"The original meaning of the Greek word poetu is to make. That is the beauty of this craft: to make the poetical, indefinable quality of music possible by creating an instrument which has that potential." Saskia Schouten was born ...


"The original meaning of the Greek word poetu is to make. That is the beauty of this craft: to make the poetical, indefinable quality of music possible by creating an instrument which has that potential."



Saskia Schouten was born on the 16th of February 1961. After completing her secondary school education, she was apprenticed to Paul de Froe, a violin maker in Amstelveen for one year. She had been studying the violin from age 9 and Paul de Froe introduced her into the world of violin-making. At the same time she started learning Italian. Saskia:"I have made my first violin when working with Paul de Froe. I still have it." 

At the age of 19 Saskia moved to Italy to study at the International Antonio Stradivari School for Violin-Making (IPIALL) in Cremona. Saskia:"Cremona is the world centre of violin-making.When I was 17, I already was amazed by the way these instruments were built and I often wondered how it was possible that they all sounded differently. So my interest in the way they were constructed grew gradually and then I decided to start learning how to make them myself."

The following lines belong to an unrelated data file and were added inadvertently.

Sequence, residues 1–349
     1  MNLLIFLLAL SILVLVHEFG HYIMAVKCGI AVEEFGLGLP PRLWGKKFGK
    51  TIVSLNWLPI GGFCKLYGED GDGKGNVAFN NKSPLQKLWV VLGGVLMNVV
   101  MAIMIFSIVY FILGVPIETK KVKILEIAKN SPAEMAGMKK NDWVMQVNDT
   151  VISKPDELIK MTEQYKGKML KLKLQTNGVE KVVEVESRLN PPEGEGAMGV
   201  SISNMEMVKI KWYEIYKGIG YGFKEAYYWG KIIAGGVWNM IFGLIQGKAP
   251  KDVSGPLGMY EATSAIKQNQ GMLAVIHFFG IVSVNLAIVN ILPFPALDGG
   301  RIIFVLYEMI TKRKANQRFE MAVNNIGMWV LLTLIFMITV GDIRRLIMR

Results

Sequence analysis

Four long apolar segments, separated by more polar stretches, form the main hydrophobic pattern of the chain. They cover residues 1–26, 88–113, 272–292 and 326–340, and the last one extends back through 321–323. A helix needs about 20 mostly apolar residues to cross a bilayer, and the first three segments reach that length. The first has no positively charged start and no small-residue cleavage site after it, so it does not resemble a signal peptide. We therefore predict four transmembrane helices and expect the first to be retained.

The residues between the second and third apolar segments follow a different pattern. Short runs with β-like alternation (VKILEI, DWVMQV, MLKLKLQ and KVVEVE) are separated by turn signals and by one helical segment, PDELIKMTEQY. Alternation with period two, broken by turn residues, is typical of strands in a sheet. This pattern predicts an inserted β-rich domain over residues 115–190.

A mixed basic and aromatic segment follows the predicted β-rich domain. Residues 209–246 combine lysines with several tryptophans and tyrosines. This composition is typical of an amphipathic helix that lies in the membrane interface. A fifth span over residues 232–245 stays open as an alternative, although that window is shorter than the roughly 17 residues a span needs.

In 1982 Saskia worked with four colleagues in Tuscany for a year. Then she interrupted her studies in Cremona and joined Peter Pots in Palermo to restore the instruments of the local conservatory. "There was a museum which was in a very bad state with all kinds of instruments, and we were to repair them. We did that for two years." Having acquired this practical experience she went back to Cremona and received the Maestra title at the IPIALL in 1986. She subsequently returned to the Netherlands and settled in Den Bosch, where she specialised in making cellos and violas. Her instruments are played both by nationally and internationally renowned musicians, as well as by students at conservatories and by dedicated amateurs. In the past years she has also been building violins again and several of her instruments have been sold to the renowned Dutch Musical Instruments Foundation, who give instruments on loan to professional musicians working in the Netherlands.